So I had a good look at what the scene is out there. It’s not as busy as people would think it would be. There’s a big shift towards the DJ scene. There’s so many DJs out there. There’s not a lot of live music. There’s not that much of a live music culture, so it’s actually very difficult. We’ve been lucky. We’ve done some good events in the past eight months or so. We did one on the Palm, which is amazing. One in Dubai Marina, the Burj Khalifa at the Armani Hotel, and that is the tallest building in the world. We’re at the back on the terrace and playing right in front of this absolutely vast thing.
So there’s some brilliant experiences that we had. It’s a different thing. It’s a great place. It’s really a holiday destination. You got a lot of tourists there. A lot of young people there. A lot of British people there. It’s an interesting thing. You know, it’s only just began. The whole of the UAE is interesting, because it works like a school term. You have school holidays, if you will, because of the heat. So from September to June, there’s stuff on, but then you have Ramadan and the summer, where it’s just too hot to do anything. Everyone just disappears from Dubai. They go back to England or America or wherever, and then they come back. It’s very interesting. I do like it there. I really love it. It’s a brilliant country. People were really nice, so to speak.
Brad: Sounds great. You got some great video material as well. How have you gone about getting that all captured?
Joe: A bit of a mix. When we first started we were doing … I use an iPhones and things. Our very first video was a montage of iPhone clips. Just about got away with it, because when you start out you got zero budget. What can you do? You need a video to show people what you can do.
However, I would really recommend that you invest as quick as you can in a professional video that can really show you off with your best. We had a guy who won a Grammy or something with Kanye West for doing his video, and that’s the video with the private jets and stuff. That’s a very slick video. Then we had another video which was done on a Cannon 5D, I think at Ministry of Sound when we had loads of girls up on the stage dancing around the Spice Girls.
We haven’t got our own kind of unit. We’ve used different guys for different videos. When your opportunities are risen then we’ve done, we’ve taken videos. It’s really important to even just take pictures. Even on the phone now, you’ve got a really decent smart phone with HD capture. You can take an HD video. You could take an HD photo of the bands and stuff.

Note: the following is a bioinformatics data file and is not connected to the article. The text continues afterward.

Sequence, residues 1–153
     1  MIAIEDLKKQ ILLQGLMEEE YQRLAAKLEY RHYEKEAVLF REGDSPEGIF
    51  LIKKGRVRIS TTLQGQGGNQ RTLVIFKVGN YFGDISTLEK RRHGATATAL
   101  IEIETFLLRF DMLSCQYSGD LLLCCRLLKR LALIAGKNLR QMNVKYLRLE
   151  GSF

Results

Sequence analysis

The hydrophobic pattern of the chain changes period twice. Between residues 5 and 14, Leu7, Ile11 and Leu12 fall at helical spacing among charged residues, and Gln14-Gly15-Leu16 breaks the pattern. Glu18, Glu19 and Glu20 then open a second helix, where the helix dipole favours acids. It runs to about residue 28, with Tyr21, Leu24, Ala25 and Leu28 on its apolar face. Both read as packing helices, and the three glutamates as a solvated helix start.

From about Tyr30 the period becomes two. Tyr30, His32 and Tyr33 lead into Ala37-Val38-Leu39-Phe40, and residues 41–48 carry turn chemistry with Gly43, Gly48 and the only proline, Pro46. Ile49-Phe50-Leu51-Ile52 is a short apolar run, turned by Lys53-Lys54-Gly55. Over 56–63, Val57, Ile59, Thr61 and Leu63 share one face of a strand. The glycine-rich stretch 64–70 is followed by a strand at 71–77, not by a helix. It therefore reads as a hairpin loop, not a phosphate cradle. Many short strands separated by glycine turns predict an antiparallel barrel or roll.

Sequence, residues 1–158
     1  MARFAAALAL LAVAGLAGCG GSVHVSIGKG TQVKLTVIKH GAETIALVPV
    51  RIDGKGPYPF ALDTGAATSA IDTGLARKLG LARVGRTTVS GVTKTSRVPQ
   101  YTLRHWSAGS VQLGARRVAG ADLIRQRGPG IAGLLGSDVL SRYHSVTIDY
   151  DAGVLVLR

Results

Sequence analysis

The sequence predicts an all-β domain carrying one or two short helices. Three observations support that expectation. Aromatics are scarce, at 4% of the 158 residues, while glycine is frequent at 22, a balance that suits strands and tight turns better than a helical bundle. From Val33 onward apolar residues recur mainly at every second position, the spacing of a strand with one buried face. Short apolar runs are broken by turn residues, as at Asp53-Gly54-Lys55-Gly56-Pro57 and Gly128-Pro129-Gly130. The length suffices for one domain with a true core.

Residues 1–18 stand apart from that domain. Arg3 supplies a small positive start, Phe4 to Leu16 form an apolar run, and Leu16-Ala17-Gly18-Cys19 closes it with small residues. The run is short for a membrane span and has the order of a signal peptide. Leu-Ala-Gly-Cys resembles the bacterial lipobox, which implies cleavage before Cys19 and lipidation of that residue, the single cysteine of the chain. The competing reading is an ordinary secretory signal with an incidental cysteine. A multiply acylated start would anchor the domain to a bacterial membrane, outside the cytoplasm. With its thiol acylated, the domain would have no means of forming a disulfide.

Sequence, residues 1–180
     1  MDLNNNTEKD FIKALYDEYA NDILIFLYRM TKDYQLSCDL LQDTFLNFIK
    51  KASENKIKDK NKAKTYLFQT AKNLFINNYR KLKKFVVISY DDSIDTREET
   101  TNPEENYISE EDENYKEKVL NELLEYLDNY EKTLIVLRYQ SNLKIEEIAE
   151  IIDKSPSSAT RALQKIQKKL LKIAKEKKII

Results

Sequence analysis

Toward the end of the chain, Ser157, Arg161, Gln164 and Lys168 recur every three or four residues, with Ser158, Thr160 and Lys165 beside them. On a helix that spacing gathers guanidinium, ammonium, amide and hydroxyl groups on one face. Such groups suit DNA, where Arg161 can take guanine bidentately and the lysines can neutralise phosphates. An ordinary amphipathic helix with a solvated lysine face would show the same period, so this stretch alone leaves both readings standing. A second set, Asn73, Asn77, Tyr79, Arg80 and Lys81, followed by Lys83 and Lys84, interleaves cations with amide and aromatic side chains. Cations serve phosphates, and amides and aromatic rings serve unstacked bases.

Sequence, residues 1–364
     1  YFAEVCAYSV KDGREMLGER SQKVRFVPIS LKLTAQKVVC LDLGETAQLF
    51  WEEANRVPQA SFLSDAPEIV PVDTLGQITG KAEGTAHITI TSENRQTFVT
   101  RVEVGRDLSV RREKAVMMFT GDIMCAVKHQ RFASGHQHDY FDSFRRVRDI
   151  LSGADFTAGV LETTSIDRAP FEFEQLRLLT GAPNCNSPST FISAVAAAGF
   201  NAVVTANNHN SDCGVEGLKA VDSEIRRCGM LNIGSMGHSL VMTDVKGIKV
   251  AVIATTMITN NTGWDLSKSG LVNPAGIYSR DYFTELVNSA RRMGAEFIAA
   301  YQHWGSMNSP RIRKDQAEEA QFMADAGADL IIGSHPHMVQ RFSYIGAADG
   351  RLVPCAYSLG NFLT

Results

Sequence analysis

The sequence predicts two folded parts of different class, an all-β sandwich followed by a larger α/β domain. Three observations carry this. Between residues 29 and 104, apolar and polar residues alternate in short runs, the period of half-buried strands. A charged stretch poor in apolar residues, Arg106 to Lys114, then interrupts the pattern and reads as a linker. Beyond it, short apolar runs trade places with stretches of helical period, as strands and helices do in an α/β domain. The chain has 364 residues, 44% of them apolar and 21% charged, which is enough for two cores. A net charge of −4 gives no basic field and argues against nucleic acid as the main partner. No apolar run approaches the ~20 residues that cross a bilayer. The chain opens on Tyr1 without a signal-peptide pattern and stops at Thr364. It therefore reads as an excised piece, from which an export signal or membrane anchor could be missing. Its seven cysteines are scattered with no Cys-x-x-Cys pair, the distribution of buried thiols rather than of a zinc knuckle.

I found the action photos are better than setup photos. If you’ve got sound guy or there’s someone else there, give them the camera and then when you’re in the middle of your set rocking out, get them to take the pictures. Clip on an action shot to sell better than a setup shot.
Brad: Right. Are you using any particular type of gadget to take those photos? Is it just an iPhone or SLR? What is it?
Joe: SLR at the moment. One of our players got DSLR. He’s got a really cool Nikon, with some great lenses. Yeah, he’s taken some really quality photos with that.
Another top tip is if that you’re at an event, a big event there usually will be an event photographer and they will be roaming around taking pics. So it’s always good to go and make friends with them and say “Hi!” and everything. Be nice and say, “Look. Would you mind taking a couple of pictures of us and send them on?” 9 times out of 10 they would say “yes.” The other one time you might get … charging you. If it’s worth it.. you know if it’s quality…
Brad: I always find the ones that want to charge. That’s actually the worst shots.
Joe: That’s true. That’s in my experience.
Brad: Okay. Look, there’s some great tips there, I have to say. As well as being your gig anniversary, first, fourth anniversary today in the last week or so, you’ve launched another venture… B events.
Brad: Tell more.
Joe: We’ve always done gigs and function dance, which has been great. Sometimes when we arrive there, the sounds or the lights have been up to scratch. And so a couple of years ago, we decided to work exclusively with a sounds and light company. They have now kind of … We’ve partnered up and we’re going to be offering everything. So it’s kind of a vertical or background integration to have the bands, but also to do the sound and light, to do the staging. All sort of stuff. We’ve got friends who do cocktail bars. So I said, well look, let’s do that as well, so we can offer cocktail bars. We can offer promo models, and we can offer event management as well.